Pain in the heel of a child's foot, typically brought on by some form of injury or trauma, is sometimes Sever's Disease. The disease often mimics Achilles tendonitis, an inflammation of the tendon
attached to the back of the heel. A tight Achilles tendon may contribute to Sever's Disease by pulling excessively on the growth plate of the heel bone. This condition is most common in younger
children and is frequently seen in the active soccer, football or baseball player. Sport shoes with cleats are also known to aggravate the condition. Treatment includes calf muscle stretching
exercises, heel cushions in the shoes, and/or anti-inflammatory medications. Consult your physician before taking any medications.
Sever?s is often present at a time of rapid growth in adolescent athletic children. At this time the muscles and tendons become tighter as the bones become larger. Between 8 - 15 years of age is the
usual onset of this condition.
Most children with Sever's complain of pain in the heel that occurs during or after activity (typically running or jumping) and is usually relieved by rest. The pain may be worse when wearing cleats.
Sixty percent of children's with Sever's report experiencing pain in both heels.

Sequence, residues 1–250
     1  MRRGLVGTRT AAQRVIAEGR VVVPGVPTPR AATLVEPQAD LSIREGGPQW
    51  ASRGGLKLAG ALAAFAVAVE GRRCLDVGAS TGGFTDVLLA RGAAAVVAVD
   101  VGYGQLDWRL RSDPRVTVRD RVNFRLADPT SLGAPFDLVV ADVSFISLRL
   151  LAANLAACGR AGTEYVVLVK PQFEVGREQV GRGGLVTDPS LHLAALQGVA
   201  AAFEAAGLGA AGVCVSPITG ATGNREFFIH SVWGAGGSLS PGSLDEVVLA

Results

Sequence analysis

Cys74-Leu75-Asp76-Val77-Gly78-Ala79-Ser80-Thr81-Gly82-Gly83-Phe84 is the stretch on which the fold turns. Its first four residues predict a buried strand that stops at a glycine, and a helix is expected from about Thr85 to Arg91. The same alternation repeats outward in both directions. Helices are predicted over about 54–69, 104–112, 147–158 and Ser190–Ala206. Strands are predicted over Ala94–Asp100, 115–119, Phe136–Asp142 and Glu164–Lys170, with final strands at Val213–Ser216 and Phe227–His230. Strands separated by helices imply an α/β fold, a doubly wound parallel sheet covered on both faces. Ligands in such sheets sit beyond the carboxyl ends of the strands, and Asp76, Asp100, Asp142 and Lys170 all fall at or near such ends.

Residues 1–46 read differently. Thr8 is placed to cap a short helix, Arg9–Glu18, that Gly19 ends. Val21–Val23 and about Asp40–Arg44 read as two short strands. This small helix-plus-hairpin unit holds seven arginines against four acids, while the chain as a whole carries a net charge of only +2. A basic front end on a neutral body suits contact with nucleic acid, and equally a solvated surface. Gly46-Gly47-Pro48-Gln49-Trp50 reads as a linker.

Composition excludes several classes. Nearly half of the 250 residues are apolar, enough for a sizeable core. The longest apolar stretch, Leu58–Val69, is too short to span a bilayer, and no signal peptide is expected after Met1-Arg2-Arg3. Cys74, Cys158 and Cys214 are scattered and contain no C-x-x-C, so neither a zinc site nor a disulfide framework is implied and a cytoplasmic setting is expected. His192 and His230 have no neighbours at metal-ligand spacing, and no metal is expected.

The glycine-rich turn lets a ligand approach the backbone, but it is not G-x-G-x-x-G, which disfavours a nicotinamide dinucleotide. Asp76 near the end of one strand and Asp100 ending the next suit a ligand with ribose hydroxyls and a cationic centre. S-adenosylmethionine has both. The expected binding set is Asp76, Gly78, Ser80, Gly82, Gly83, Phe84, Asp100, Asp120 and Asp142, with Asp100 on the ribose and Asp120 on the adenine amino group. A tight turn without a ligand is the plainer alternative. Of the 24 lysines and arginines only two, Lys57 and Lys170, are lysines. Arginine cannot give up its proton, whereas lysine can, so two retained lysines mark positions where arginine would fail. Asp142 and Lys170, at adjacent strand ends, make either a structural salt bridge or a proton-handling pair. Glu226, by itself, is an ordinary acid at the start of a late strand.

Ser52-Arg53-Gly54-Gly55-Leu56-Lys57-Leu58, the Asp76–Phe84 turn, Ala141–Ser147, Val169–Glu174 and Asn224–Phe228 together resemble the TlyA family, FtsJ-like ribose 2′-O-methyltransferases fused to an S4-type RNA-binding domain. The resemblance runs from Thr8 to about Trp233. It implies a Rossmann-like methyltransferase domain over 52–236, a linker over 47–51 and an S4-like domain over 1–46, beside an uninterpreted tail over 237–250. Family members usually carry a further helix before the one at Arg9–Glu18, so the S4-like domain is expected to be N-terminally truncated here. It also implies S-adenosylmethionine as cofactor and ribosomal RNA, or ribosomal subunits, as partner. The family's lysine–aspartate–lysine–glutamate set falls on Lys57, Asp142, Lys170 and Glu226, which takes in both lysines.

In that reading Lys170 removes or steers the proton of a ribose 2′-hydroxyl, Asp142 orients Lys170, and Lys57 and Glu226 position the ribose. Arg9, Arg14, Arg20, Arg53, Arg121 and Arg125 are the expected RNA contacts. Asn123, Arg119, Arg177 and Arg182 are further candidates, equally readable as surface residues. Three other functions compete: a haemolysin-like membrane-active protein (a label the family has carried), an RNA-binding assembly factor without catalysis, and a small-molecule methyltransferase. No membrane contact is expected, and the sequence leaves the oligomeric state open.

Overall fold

A Podiatrist can easily evaluate your child?s foot, lower limbs and muscular flexibility, to identify if a problem exists. If a problem is identified, a simple treatment plan is put in place. Initial
treatment may involve using temporary padding and strapping to control motion or to cushion the painful area and based on the success of this treatment, a long-term treatment plan will be put in
place. This long-term treatment plan may or may not involve Foot Supports, Heel Raises, muscle stretching and or strengthening.
Non Surgical Treatment
The physiotherapist will thoroughly assess the affected areas and general mechanics to determine what factors may be contributing, also to rule out any other injuries or stress fractures, etc.
Treatment focusing on the affected area will consist of modified rest, ice, massage, stretches and electrotherapy. A foam heel raise may also be given to help decrease pain. The physiotherapist may
also treat other areas if biomechanical problems are noted. This may include massage, mobilization and exercises to stretch and strengthen certain areas. They may also refer the patient to see a
podiatrist if they believe the foot posture is a factor.
Sever's disease may be prevented by maintaining good joint and muscle flexibility in the years leading up to, and during, their growth spurts (eg girls 8 to 10, boys 10 to 12). Foot arch problems
such as flat feet should be addressed after the age of five if they don't appear to be self-correcting. If you are concerned, please ask your health practitioner. The most important factor is the
amount of weight-bearing exercise your child is currently performing. Finally, LISTEN To Your Child! If your child is suffering heel pain between the ages of 8 to 12, suspect Sever's disease until
proven otherwise. Seek the professional opinion of your foot practitioner regarding its diagnosis and subsequent management.